Job Briefings

Provider Info

Course Outline

  • Importance of Job Briefings

  • Frequency and Extent of Job Briefings

  • Contents and Presentation Techniques


  • 29 CFR 1910.269, Subpart R, Special Industries, Section (c)

  • 29 CFR 1910.269, Subpart R, Special Industries, Section (a)


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20 min

Mobile Ready

Learning Objectives

  • Correctly identify job briefings’ importance and benefits.

  • Correctly determine when, how often, and how thoroughly to conduct job briefings.

  • Effectively identify, organize, and present a job briefing’s core information.

Lesson Description



It is impossible to calculate the number of lives saved or injuries prevented by something as basic as a pre-job briefing, or Job Hazard Analysis (JHA) meeting.





Failure to identify job hazards is a major concern for lineworkers. If an employee doesn’t know the dangers involved in their job, they won’t be able to protect against them. Employee failure to identify and grasp jobsite hazards has led to numerous electrical utility accidents. Before ever stepping foot on a work site, employees need to know what hazards exist and what steps to take to reduce the risk of accident and injury.


Job Hazard Analysis Meeting


OSHA requires a Job Hazard Analysis meeting to cover at least five core topics:



OSHA requires job briefings in order to help you plan your work. This planning helps you ensure employee safety, protect equipment, and protect the general public from whatever could go wrong when safety isn’t the foremost concern in a high-risk work environment.


Lineworkers routinely work around exposed, high-voltage conductors. They need to maintain Minimum Approach Distances (MAD) for unprotected parts of the body, and to consider “Extended Reach.” If employees work in power generation facilities, they’re frequently near hazardous substances. Workers there will face other dangers, such as: high air pressure; high water pressure; pressurized chemical injection systems; and steam pressure and heat.


Requirements For Workers Planning Around Inherent Hazards


  • Identify the task’s basic hazards.

  • Communicate the work plan to the whole crew: Who will do what? In what order? How will we coordinate? What tools will we need?

  • Consider: Does this particular task involve any unusual conditions, or distractions, not present on similar jobs? Do these unusual circumstances require any special precautions?

  • Consider: To accomplish this task safely, would it be prudent to de-energize equipment before you begin?

  • Make sure that everyone has the personal protective equipment required for the task.


OSHA requires at least one briefing before each work day or shift. OSHA requires additional briefings if any shift involves “significant changes” that might affect employees’ safety.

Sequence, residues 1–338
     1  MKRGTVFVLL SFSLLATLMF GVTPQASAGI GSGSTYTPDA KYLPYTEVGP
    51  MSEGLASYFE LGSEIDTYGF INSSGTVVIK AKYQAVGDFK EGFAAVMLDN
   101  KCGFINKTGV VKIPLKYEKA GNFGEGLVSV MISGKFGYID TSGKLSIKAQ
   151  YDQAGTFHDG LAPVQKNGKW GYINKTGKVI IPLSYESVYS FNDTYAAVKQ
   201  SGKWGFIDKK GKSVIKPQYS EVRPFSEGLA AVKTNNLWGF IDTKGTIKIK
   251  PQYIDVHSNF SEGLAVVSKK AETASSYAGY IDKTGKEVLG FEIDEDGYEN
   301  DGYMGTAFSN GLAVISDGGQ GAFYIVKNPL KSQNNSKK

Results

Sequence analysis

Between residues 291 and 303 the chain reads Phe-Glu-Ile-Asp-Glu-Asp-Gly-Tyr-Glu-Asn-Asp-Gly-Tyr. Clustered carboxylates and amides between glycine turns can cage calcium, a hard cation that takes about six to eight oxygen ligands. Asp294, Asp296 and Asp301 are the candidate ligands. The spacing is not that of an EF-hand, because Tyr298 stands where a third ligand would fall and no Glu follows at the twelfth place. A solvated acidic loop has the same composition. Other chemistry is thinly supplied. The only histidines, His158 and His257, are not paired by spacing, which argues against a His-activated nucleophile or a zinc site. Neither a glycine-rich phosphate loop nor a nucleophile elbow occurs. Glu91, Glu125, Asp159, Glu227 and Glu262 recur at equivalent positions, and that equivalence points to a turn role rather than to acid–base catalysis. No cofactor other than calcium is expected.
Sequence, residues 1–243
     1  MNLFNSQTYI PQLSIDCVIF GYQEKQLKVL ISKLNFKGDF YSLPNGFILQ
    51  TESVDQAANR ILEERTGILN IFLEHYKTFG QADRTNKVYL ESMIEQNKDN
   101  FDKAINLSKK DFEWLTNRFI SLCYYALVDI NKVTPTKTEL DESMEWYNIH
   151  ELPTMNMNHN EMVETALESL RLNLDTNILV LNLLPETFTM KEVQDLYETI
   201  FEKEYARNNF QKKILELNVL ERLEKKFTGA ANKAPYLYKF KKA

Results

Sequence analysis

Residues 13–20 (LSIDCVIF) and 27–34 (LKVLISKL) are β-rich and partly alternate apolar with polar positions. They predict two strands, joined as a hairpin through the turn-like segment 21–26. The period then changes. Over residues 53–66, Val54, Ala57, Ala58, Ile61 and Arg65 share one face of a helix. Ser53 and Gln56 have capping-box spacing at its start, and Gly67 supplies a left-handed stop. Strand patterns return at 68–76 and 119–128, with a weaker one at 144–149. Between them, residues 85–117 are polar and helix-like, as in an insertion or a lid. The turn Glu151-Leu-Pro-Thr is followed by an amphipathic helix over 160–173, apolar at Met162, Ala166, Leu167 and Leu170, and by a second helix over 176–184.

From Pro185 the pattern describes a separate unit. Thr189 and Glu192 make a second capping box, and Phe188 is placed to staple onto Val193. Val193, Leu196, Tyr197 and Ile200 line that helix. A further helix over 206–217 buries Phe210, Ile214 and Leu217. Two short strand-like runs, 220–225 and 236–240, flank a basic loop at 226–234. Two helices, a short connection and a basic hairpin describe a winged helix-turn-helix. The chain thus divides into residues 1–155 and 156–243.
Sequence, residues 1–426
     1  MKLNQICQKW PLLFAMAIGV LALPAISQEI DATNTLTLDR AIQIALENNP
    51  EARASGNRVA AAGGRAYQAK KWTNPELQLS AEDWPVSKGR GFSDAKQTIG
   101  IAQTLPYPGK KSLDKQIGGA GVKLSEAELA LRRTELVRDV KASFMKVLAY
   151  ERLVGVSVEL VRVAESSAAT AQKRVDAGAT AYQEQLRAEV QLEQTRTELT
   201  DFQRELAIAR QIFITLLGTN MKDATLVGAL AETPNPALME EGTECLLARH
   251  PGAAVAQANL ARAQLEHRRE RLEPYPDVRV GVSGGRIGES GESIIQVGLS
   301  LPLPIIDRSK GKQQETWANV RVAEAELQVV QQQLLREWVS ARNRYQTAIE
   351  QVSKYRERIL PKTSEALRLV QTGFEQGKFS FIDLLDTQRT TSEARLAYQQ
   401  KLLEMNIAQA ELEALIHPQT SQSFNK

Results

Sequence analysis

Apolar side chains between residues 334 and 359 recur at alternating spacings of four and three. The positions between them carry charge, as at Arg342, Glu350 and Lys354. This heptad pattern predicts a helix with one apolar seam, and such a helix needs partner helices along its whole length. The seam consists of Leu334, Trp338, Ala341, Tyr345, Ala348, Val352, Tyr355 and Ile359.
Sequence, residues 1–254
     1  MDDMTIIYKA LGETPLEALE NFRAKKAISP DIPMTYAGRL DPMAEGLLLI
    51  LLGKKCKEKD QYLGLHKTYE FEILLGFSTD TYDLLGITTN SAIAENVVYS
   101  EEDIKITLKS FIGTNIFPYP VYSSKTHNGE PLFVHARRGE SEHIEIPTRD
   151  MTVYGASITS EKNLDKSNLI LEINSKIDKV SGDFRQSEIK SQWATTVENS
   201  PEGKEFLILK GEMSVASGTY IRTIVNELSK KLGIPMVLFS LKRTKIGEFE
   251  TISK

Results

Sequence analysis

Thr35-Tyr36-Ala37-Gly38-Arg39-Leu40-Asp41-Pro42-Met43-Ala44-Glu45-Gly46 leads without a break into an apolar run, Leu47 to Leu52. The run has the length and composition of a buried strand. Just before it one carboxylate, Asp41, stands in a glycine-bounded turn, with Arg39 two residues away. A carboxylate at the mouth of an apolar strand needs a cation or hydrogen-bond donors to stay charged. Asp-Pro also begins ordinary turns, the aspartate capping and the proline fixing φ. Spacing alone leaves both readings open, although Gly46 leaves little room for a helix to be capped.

Examples of “Significant Changes”


  • Different kinds or tasks on the same shift

  • New personnel or spectators

  • Changing weather

  • Significant delays (e.g., interrupting work for a trouble call, then resuming)

  • Changing scope of work

  • Unexpected complications, hazards, malfunctions, or distractions


OSHA Conditions for a Brief Discussion


  • Routine work

  • Employees’ training and experience adequate to recognize and avoid hazards


OSHA Triggers That Demand a More Extensive Briefing


  • Complicated or hazardous work

  • Employees might not recognize and avoid hazards


Preparing and Delivering an Effective Job Briefing


  • The employee in charge presents each briefing, or shares presentation duties

  • The employee in charge remains responsible for shared presentations

  • Presentations should be clear, concise, and logical

  • Presentation should be organized around OSHA’s five core topics

  • Allow time for everyone’s input, questions, and answers


Written Materials to Support Effective Briefings


The current OSHA standard doesn’t require the safety professional to use any written materials in job briefings, but written briefing materials are emerging as a best practice.


  • Employers increasingly require written checklists and sign-off forms

  • Written supports help job briefings deliver better safety results

  • Checklists remind presenters of required topics, and details

  • Sign-offs help everyone “take ownership” of safety responsibilities

  • Completed forms help employers demonstrate compliance


An employee who’s working alone is not required to conduct a job briefing. Even so, OSHA states that the employer must make sure tasks are planned out, just “as if” a briefing had been required. A supervisor should brief the employee on hazards, work procedures, and safety measures. If employees who normally work alone are assembled into a crew of two or more people for a given task, that crew requires a normal briefing.

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